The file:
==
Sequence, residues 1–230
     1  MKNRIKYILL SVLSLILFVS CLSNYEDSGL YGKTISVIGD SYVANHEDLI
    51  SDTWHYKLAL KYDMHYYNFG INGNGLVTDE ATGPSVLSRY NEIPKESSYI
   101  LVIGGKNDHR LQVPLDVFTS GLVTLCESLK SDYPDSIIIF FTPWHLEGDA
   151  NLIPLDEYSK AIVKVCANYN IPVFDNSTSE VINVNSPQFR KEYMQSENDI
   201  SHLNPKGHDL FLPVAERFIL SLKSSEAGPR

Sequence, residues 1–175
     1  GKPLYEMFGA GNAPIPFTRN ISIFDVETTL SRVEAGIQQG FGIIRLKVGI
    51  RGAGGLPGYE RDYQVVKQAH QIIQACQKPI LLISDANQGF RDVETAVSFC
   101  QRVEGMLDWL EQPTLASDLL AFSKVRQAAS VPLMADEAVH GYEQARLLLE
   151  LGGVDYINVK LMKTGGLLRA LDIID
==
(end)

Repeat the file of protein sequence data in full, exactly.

Sequence, residues 1–230
     1  MKNRIKYILL SVLSLILFVS CLSNYEDSGL YGKTISVIGD SYVANHEDLI
    51  SDTWHYKLAL KYDMHYYNFG INGNGLVTDE ATGPSVLSRY NEIPKESSYI
   101  LVIGGKNDHR LQVPLDVFTS GLVTLCESLK SDYPDSIIIF FTPWHLEGDA
   151  NLIPLDEYSK AIVKVCANYN IPVFDNSTSE VINVNSPQFR KEYMQSENDI
   201  SHLNPKGHDL FLPVAERFIL SLKSSEAGPR

Sequence, residues 1–175
     1  GKPLYEMFGA GNAPIPFTRN ISIFDVETTL SRVEAGIQQG FGIIRLKVGI
    51  RGAGGLPGYE RDYQVVKQAH QIIQACQKPI LLISDANQGF RDVETAVSFC
   101  QRVEGMLDWL EQPTLASDLL AFSKVRQAAS VPLMADEAVH GYEQARLLLE
   151  LGGVDYINVK LMKTGGLLRA LDIID